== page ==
Author Archive

Vann R. Newkirk II

Vann R. Newkirk II is a staff writer at The Atlantic, where he covers politics and policy.
Health & Human Services

How a Ballot Initiative to Expand Medicaid in Utah May Be Denied

Republican lawmakers don’t want to fully implement a ballot initiative passed in November. One health-care advocate called it “trampling on … representative democracy.”

Public Safety

A Year After Hurricane Maria, Puerto Rico Finally Knows How Many People Died

A new, definitive study from George Washington University finds that almost 3,000 people lost their lives—and highlights the government’s failures before and after the storm.

Management

Researchers Are Still Counting the Dead From Hurricane Maria

The newest estimate based on administrative data suggests over 1,100 people were killed by the 2017 storm and its fallout.

Health & Human Services

What Virginia's Vote Means for the Future of Medicaid Expansion

With state legislators deciding this week to extend the program to 400,000 citizens, the drawn-out battle over Obamacare’s signature provision draws nearer to an end.

Health & Human Services

The Troubled Future for State Medicaid Expansion

The Affordable Care Act’s extension of public insurance to poor adults might finally make its way into every state. But those inroads could come with a cost.

Management

An End to Gerrymandering in Ohio?

A bipartisan compromise that just passed the state Senate would require minority-party support for political maps, and would limit the number of communities that could be splintered.

Infrastructure

The Peril of Privatizing Puerto Rico's Power Company

Governor Ricardo Rosselló announced a plan Monday to sell off Prepa, a move he hopes will ease the island’s energy and debt crises. But some groups on the island oppose the measure fiercely.

Management

Virginia Is for Second Chances

Under Governor Terry McAuliffe, Virginia embarked on a campaign to grant clemency more often, and to restore the civil rights of convicted felons.

Health & Human Services

Wisconsin's Welfare Overhaul Is Almost Complete

The Trump administration could soon approve a proposal from Governor Scott Walker to drug test food-stamp recipients.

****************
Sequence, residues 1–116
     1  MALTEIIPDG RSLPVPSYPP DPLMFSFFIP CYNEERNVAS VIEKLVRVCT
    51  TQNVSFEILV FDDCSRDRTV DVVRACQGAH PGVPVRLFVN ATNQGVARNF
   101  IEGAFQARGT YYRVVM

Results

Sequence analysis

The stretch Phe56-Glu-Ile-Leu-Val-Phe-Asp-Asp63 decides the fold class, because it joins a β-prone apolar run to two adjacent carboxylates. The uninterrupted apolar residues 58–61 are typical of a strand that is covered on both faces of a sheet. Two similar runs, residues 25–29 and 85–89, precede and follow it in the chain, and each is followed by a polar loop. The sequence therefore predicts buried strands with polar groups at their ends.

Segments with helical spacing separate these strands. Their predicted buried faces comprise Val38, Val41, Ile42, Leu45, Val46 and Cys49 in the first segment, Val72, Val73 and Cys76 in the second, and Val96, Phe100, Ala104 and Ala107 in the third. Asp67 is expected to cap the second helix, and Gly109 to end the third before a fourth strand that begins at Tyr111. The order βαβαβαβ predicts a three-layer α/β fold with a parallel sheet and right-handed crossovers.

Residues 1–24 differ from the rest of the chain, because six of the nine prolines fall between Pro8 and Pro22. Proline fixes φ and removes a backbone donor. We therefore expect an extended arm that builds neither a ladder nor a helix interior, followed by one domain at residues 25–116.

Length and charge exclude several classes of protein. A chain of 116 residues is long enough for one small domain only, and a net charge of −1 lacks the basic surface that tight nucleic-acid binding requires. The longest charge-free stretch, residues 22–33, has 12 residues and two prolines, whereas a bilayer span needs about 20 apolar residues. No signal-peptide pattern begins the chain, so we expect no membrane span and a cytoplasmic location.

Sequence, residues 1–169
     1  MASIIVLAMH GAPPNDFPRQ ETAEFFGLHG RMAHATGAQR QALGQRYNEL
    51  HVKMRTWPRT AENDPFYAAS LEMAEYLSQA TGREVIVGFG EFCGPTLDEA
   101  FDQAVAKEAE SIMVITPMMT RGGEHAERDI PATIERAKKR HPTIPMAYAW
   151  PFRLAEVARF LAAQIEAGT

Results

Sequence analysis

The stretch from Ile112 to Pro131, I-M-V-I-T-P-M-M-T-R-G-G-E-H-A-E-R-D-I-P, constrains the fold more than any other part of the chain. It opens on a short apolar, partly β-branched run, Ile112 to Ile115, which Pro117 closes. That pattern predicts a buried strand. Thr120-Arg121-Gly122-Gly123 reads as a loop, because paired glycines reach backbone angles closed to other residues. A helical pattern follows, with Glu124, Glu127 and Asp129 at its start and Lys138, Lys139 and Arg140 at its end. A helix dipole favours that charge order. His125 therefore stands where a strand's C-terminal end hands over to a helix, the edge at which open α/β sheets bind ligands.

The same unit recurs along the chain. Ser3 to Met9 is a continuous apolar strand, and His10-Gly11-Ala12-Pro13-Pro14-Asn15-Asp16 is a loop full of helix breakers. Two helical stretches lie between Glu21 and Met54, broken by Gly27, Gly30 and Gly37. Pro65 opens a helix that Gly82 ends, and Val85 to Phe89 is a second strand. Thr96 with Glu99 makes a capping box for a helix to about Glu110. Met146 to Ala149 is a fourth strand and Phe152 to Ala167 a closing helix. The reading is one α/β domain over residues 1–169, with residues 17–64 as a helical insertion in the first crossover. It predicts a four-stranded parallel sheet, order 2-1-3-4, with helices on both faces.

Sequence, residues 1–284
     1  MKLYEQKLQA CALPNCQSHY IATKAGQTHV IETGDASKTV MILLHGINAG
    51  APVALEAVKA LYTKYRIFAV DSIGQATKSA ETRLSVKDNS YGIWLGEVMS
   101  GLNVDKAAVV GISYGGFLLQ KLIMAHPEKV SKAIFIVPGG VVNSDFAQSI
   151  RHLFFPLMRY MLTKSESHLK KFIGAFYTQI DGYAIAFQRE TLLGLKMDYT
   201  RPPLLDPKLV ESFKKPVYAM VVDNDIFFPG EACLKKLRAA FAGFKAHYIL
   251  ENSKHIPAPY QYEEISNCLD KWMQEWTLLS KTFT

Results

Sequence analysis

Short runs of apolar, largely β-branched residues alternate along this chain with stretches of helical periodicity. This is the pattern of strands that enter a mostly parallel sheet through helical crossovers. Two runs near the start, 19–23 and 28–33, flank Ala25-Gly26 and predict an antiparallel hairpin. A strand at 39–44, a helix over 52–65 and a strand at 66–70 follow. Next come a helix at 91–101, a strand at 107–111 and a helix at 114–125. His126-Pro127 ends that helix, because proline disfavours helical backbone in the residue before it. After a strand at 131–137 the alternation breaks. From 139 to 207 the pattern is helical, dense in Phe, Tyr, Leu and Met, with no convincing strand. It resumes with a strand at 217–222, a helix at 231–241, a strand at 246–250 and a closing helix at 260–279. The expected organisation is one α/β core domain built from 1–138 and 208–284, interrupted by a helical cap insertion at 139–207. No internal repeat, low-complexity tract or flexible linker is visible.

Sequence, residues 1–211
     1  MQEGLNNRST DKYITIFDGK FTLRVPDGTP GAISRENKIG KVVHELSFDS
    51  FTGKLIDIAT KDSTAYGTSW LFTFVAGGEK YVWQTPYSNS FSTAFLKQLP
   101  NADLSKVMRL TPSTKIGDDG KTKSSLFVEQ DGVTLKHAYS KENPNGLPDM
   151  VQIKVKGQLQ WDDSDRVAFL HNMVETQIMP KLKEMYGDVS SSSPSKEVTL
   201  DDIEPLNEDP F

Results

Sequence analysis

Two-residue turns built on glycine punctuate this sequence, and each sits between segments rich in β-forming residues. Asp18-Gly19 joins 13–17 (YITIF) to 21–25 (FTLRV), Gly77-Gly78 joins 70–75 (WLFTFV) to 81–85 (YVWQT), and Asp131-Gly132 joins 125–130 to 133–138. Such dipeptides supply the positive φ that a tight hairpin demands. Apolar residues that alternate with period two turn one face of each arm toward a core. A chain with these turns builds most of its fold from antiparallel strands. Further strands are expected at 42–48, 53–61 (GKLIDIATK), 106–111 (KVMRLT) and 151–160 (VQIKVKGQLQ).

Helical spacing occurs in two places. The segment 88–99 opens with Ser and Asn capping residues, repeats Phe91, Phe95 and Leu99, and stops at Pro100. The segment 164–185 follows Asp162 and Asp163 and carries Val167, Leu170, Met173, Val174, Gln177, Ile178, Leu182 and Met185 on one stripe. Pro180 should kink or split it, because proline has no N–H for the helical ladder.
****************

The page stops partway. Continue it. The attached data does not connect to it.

Management

How Alabama's Election Laws Keep Moore on the Ballot

After multiple allegations of sexual assault and harassment of minors against Republican Senate candidate Roy Moore, a complicated set of elections laws and rules is being used to keep his hat in the ring.

Health & Human Services

Puerto Rico's Dire Health-Care Crisis

Over a month after Hurricane Maria, citizens are still facing limited access to medical help and the increasing threat of illness.

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Management

What's the Real Goal of Trump's Voter-Fraud Commission?

A conversation with Maine Secretary of State Matthew Dunlap, one of three Democrats advising the president on “election integrity.”

Health & Human Services

The Senate's Health Bill Is Still Unaffordable for Poor People

The Congressional Budget Office finds that while the upper chamber’s plan is more generous and stable than the AHCA, it leaves about as many low-income people without coverage.

Health & Human Services

The New AHCA Cuts Medicaid Funding More Deeply

A draft version of the Senate bill released Thursday shows even deeper cuts to the program than the House version.

Health & Human Services

Five Involuntary Manslaughter Charges in the Flint Water Crisis

Michigan Health Director Nick Lyon and four other officials are accused of failing to act on a Legionnaires' disease outbreak associated with the city’s lead-poisoning problems.

Management

North Carolina's Voter ID Law Is Defeated, For Now

The Supreme Court declined to review the law that lower courts found to be discriminatory, but made no judgment on the merits of the policy.

Health & Human Services

The Historical Exclusion Behind the Puerto Rico Bankruptcy Crisis

Congress could help the territory by simply funding its Medicaid system the way they fund the states.

Management

How Voter ID Laws Discriminate

A new comprehensive study finds evidence that strict voting laws do suppress the ballot along racial lines.

Management

In the Battle Over Voting Rights, What Happens Next?

Court challenges to redistricting in North Carolina and Wisconsin could bring national changes in elections.

Management

California Extends the Ballot to Jails

Governor Jerry Brown’s decision to allow some incarcerated people with felonies to vote reflects a growing national challenge to felony disenfranchisement.